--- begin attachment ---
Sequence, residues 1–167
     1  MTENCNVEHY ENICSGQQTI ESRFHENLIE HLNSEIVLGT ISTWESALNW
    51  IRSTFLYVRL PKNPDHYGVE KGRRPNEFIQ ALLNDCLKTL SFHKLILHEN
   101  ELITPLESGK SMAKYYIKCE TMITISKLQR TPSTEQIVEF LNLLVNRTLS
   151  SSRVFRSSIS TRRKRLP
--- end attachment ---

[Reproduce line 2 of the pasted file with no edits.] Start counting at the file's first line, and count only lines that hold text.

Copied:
     1  MTENCNVEHY ENICSGQQTI ESRFHENLIE HLNSEIVLGT ISTWESALNW